In continuing his effort to promote healthy food alternatives in underserved New Jersey communities, today U.S. Senator Cory Booker (D-NJ) announced the release of a new report issued by the New Jersey Healthy Corner Store Task Force entitled Supporting Healthy Corner Store Development in New Jersey, which lays out a series of recommendations to increase the distribution, promotion and sale of healthy products in New Jersey corner stores. ‎


“The Healthy Corner Store Initiative and the members of the New Jersey Healthy Corner Store Task Force have made incredible strides in their work to bring access to nutritious foods to every New Jerseyan,” said Sen. Booker, who served as a participant in the Task Force. “Countless studies have demonstrated that lack of access to nutritious food—particularly severe in underserved communities—manifests itself in all areas of human development, from increased rates of diet-related diseases to reduced academic performance. The importance of the Initiative cannot be overemphasized.”


Made up of nearly 40 leaders from the health, financial, philanthropic, government, business, distribution and retail sectors, the New Jersey Healthy Corner Store Task Force was formed in 2014 by the New Jersey Partnership for Healthy Kids, The Food Trust and the American Heart Association to explore barriers to offering healthy foods in corner stores located in neighborhoods that lack access to nutritious foods.


Recommendations in the report include the development of a database tracking healthy food inventory and other key measures, exploring health care partnerships for creating community-clinical linkages with New Jersey hospitals, state and local health departments, health insurers and corner stores, and strengthening wholesaler and manufacturer partnerships to address distribution challenges faced by corner stores to stock fresh, healthy inventory.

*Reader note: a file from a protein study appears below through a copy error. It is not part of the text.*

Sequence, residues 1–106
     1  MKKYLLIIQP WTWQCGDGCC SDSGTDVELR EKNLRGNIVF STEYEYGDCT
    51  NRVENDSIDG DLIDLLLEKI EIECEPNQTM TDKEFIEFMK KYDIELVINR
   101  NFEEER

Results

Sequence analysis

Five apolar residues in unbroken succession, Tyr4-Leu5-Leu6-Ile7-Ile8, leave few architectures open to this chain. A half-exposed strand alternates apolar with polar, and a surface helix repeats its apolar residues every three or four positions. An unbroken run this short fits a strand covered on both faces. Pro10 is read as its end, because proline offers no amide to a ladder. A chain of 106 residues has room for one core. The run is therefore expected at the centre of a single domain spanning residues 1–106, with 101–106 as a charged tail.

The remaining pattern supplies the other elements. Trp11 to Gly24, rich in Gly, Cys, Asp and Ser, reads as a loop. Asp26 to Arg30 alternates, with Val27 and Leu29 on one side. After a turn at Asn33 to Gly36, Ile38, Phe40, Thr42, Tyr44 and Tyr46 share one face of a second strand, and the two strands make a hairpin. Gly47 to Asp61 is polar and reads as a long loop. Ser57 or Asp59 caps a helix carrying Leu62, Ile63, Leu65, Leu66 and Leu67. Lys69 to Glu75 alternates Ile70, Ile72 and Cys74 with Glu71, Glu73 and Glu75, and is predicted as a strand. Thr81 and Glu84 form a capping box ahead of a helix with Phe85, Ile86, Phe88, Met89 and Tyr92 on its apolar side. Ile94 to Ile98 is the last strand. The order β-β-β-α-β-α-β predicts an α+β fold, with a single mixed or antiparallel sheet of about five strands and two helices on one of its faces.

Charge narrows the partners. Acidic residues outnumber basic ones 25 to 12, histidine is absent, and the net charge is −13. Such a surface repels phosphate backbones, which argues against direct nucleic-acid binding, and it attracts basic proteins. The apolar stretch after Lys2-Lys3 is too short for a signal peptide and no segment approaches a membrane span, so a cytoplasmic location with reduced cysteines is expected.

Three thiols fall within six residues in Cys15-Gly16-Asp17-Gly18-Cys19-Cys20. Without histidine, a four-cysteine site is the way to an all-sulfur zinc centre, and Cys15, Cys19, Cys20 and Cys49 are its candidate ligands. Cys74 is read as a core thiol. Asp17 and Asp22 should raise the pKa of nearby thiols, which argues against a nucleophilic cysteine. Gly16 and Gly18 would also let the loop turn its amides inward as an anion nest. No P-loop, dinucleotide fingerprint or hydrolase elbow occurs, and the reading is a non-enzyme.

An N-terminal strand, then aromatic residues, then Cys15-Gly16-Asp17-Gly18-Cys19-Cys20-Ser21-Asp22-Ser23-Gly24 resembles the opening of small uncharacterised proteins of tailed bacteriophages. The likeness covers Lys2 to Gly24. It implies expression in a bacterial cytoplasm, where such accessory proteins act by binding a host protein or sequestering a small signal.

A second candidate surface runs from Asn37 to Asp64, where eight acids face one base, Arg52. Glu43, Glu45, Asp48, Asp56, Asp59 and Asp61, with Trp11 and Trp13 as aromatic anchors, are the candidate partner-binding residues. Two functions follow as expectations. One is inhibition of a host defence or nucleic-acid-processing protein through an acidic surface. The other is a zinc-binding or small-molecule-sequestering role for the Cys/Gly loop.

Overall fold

"Every community and every child deserves to have convenient access to healthy, affordable food," said Yael Lehmann, Executive Director at The Food Trust. "We look forward to supporting the expansion of healthy corner stores across New Jersey, and are so grateful to our hardworking, committed partners in this effort.”


Studies suggest that the disproportionately high incidences of diet-related disease among minority populations can be attributed in part to unequal access to healthy foods.  Diabetes incidence is highest among Native Americans, at 15.9%, followed by 13.2% for African-Americans, 12.8% for Hispanics, 9.0% for Asians, and 7.6% for whites. As of 2012, 38.9% of United States adults were obese, with the highest rate among African Americans at 47.9%, followed by Hispanics at 42.5%, whites at 32.6%, and Asians at 10.8%.‎


As part of his ongoing efforts to improve health outcomes in underserved communities, last year Sen. Booker reintroduced legislation aimed at reducing disparities in healthcare among disadvantaged groups.  The Reducing Disparities Using Care Models and Education (ReDUCE) Act requires the Institute of Medicine (IOM) to conduct research to determine the causes of health disparities and to identify successful methods that are being used to help eliminate them. The bill then targets federal funds to implement strategies successful in reducing health disparities.



"This taskforce report is addressing inequities in food access that exist in many of our communities, similar to the ReDUCE Act, which would provide resources to uncover the root causes of disparities that leads to inequities,” said Dr. Darrin Anderson, Associate Executive Director, NJ YMCA State Alliance.